The duty to allocate land was taken away from chiefs.
Whites knew Africans had their own religion and in order for them to divide locals they had to discredit African religion.
Traditional chiefs were an integral part of local traditions and religions.
“The pertinent point is that every Bantu chief was a divine chief. This means that every African chief was more than a simple human being,” writes Chigwedere.
“This was so because he was the vicar of the founding father of the particular chiefdom.
He was ‘intertwined’ with that founding father to the extent of being one entity.”
Olufemi Vaughan in Chiefs, Power and Social Change: Chiefship and Modern Politics in Botswana saw chiefs as the link between the supernatural and the temporal existence of the present, they had extensive religious powers that generated respect and obeisance from their subjects.
The introduction of new laws meant chiefs were no longer answerable to ancestors in matters pertaining to the day-to-day happenings in their respective chiefdoms but to colonial administrators.
This meant the existing culture of consulting ancestors who were an integral part of local society was done away with.
During the pre-colonial era, spirit mediums used to play a part in electing and installing traditional leaders.
However, this was changed as the Native Commission introduced a ballot system in electing even new headmen or chiefs.
“The colonial electoral process watered down the religious significance previously attached to the institution of chieftainship in pre-colonial Zimbabwe,” write Makahamadze, Grand and Tavuyanago.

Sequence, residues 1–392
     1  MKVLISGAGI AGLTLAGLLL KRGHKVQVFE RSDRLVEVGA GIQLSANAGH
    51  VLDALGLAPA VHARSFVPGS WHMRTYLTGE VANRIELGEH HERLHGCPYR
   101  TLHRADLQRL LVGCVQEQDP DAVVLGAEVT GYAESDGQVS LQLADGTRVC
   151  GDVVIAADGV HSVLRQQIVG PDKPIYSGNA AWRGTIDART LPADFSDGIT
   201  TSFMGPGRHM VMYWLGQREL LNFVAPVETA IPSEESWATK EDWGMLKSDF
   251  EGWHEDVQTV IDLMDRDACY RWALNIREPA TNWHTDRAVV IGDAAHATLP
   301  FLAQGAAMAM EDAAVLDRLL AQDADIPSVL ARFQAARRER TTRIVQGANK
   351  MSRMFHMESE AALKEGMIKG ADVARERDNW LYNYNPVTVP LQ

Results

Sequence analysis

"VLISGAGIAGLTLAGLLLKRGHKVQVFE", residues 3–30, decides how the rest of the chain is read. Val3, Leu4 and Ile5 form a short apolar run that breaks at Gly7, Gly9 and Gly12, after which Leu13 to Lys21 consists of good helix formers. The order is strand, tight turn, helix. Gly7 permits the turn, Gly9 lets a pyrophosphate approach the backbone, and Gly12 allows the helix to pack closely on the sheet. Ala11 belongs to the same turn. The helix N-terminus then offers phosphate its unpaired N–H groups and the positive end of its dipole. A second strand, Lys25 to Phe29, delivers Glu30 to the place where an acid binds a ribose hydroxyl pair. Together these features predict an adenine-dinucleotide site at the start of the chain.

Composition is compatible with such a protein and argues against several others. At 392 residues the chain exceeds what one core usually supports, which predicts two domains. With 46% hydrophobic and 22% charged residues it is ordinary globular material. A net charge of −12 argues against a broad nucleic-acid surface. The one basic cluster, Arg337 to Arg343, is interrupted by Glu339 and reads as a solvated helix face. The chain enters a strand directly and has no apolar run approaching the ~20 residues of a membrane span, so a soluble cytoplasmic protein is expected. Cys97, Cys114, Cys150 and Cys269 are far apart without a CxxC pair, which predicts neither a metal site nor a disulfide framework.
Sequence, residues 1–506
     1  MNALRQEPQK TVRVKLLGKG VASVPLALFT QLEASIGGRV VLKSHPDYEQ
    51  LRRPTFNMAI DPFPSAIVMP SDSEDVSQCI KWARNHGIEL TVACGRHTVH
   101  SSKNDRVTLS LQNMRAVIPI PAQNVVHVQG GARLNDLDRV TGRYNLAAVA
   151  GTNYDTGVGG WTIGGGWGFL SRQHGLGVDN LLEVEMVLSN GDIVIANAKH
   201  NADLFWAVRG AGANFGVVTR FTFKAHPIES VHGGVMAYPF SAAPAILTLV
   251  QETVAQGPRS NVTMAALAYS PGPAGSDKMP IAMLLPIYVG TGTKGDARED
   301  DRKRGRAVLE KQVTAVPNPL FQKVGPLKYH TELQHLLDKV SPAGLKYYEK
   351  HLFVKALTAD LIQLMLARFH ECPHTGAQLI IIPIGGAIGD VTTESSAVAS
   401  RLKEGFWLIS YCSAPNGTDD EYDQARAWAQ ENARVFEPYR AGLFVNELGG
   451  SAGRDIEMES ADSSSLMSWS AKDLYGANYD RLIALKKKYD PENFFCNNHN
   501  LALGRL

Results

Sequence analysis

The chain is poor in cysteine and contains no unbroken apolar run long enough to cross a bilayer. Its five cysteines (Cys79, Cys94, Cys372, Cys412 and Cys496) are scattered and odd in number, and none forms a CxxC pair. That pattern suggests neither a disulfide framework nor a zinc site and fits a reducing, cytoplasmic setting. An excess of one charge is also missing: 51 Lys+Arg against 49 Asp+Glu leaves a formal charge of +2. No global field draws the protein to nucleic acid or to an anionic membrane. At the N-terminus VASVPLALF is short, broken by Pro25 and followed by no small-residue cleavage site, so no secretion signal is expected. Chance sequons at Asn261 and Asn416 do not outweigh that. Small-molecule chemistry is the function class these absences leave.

“The traditional leaders therefore became victims of the colonial injustice and dictatorial rule.
“They became powerless before their people.”
Blacks were forced to ‘lose faith’ in their traditional systems and adhere to that put in place by Rhodesians.
By rendering chiefs useless, whites knew they could dominate blacks.
To turn people against traditional leaders, Rhodesians forced chiefs to advance their colonial agenda.
“Chiefs were also made to collect taxes for the government from the impoverished communities,” write Makahamadze, Grand and Tavuyanago.
“In 1913, the Government introduced the hut tax, poll tax and dog tax.
All had to be levied by the chief on his people on behalf of the colonial government.
Failure to comply with the Government instruction implied prosecution (Inyanga District Report 1912).
The colonial Government therefore disempowered the traditional chiefs and used them as agents to bolster their control of African territories.
They ceased to be champions of democracy as they used to be in pre-colonial times.”
Female traditional authorities who used to have a lot of influence in the Shona society began to sink into oblivion as colonial authorities had no respect for female chiefs and native chiefs in general.
Dr Elizabeth Schmidt in Peasants, Traders and Wives: Shona Women in the History of Zimbabwe, writes: “African women were ‘invisible’ to the colonial authorities.”
“Having accepted the idea that women were perpetual minors in society and presumably played no part in public life, administration officials assumed that they had no political function.”
Rhodesians knew locals attached value in traditions, hence they changed traditions surrounding the installation of chiefs.
According to Makahamadze, Grand and Tavuyanago, traditionally, chiefs were installed by the most senior headmen in the area in consultation with the spirit-mediums of the chiefdom.
“The medium acted as the voice of the ancestors in the whole process of the installation,” they write.
The involvement of the ancestors in the choice and appointment of the chief made him an important religious functionary.